"Applied Equine Podiatry is the conscientious study of the equine foot, always striving to expose it to proper stimuli, making every effort to promote proper structure and function, as we progress in achieving high performance."
Applied Equine Podiatry - The Science of Whole Horse Hoof Care
The science of Applied Equine Podiatry is the study of the equine foot, with the application of the HPT method we aim to place the hoof into balance with the foot, by identifying and promoting proper stimulus for correct growth we strive for improved performance, taking into account the capabilities of the foot and not exceeding them.
Applied Equine Podiatry does not compromise the health of the horse’s foot for the demands of the rider, with proper attention every horse can have the best foot that it was born to have. AEP is non-invasive and all about keeping the horse comfortable and happy whilst strengthening the structures of the hoof to promote healthy growth and soundness. We see the hoof capsule as a map of the internal structures within and by placing the external hoof into balance we can influence the health of the foot which is the key to dynamic balance and healthy equilibrium for the horse. Applied Equine Podiatry can benefit every horse, by placing the foot into correct balance we create an environment for high performance and give the horse the best chance of soundness.
The HPT (High Performance Trim) Method - is it just another 'natural' barefoot trim?
What is a 'natural' trim? Natural hoof trimmers following the methods of Jaime Jackson, Pete Ramey, NHCP (Natural Hoof Care Practitioners), AANHCP etc. use the wild horse as their model and essentially will shape your horses hooves to mimic those of the wild horse. This may not be appropriate for a number of reasons depending of what sort of horse you have and what you hope to do with him/her. If your horse is small (of pony size or not much bigger) and is not required to be ridden or driven you may get away with a ‘natural trim’ but it still may not be the best option for your horse, depending on the trimmer and which method they are using, as it can vary greatly - the term 'natural trim' as with 'pasture trim' is not standardised and can often have no consistency between trimmers!
Feral horses still suffer from foot pathologies, in the wild they would probably not survive very long when lame and so we do not often notice any problems with their hooves. In addition it would probably take longer for lameness to show than in a domestic horse as there are few demands on the feral horse's foot. In reality the 'wild' horses of today have very few natural predators so will spend most of their time grazing and moving at a walk, they are also usually small and lightweight so the foot does not have excessive force derived from a large body mass and movement at high speed (Force = Mass x Acceleration) to cope with.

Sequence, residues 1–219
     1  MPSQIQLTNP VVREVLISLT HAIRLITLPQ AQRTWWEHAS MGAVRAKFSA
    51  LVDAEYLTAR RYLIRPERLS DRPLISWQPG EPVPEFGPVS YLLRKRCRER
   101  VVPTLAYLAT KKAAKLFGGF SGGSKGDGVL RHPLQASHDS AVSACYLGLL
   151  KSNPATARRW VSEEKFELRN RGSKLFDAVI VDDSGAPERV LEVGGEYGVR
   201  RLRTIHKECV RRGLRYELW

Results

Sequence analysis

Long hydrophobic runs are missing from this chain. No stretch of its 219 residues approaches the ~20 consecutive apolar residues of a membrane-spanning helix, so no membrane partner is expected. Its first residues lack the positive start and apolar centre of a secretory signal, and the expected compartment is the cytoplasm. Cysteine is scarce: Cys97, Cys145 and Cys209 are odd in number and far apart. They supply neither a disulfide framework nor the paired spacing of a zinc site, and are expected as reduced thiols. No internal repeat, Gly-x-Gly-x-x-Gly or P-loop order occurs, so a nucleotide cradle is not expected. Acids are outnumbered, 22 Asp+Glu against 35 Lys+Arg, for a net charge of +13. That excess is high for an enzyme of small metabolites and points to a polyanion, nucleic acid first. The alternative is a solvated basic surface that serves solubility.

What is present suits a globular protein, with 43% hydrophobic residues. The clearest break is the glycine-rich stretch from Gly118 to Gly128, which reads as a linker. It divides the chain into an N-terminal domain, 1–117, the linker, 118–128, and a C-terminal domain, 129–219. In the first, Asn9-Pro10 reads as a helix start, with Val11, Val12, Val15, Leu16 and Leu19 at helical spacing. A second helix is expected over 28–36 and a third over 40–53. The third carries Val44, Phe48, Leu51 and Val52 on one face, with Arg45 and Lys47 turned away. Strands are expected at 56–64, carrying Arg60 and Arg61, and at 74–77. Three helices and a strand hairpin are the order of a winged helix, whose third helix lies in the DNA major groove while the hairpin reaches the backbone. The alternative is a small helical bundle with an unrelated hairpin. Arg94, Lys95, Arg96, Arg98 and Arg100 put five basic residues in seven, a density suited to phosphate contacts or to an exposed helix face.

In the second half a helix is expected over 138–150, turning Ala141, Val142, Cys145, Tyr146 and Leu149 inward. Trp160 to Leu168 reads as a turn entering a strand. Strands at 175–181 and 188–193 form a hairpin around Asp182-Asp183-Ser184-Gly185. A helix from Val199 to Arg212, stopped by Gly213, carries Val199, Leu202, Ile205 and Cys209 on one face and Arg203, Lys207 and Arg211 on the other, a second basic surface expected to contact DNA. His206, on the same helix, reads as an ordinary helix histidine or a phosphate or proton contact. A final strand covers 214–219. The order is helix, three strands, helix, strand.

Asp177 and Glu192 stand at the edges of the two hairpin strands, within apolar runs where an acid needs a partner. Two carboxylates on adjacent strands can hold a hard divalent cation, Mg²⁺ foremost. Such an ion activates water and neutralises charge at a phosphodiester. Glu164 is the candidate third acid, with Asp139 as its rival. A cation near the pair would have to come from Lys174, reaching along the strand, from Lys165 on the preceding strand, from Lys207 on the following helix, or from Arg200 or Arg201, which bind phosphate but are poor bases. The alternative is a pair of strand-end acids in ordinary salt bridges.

As an example of why it is important to exercise caution when choosing a hoof care practitioner, recent research has shown that ‘square’ or 'four-point' trimming methods favoured by some natural trimmers and farriers may be an important contributing factor to increased incidences of black hole seedy toe and HKH masses resulting from increased stress to the tip of the pedal bone. By squaring the toe we are not allowing the pressures exerted on the hoof capsule during the stride to be effectively and safely dispersed – instead they are concentrated at the tip of the pedal bone which has been shown to cause modelling of the bone (increased notch surface area) in an attempt to deal with the extra pressure, over time leading to lameness issues. Hooves should be round not square - wild horses may develop square hooves from scraping the ground all winter looking for food but this does not mean we should shape our domestic horse's feet to look like them!
The HPT method is a performance trim designed to support the correct functioning of the horse’s hoof and can be successfully applied to any horse because it uses external landmarks on each individual horse’s hoof that closely correspond to the structures within, this allows the hoof and the internal foot to be in functional equilibrium – true balance. The HPT method does not rely on pre-determined angles or on moulding the foot to what we think it should look like, when the hoof is correctly balanced to the internal foot it will always look beautiful and function as nature intended without being forced.
Whatever you decide for your horse's hoof welfare it is important to understand the theory behind your practitioner's particular method, so do your research and if it still doesn't sound like it will suit your horse, it probably wont!
Most importantly, the HPT Method is not just about the trim! The trim is a tool used in the practice of Applied Equine Podiatry and knowing when to use it and when to look to important influencing factors such as the horse's environment to achieve soundness is key. Click here to read more about the HPT Method.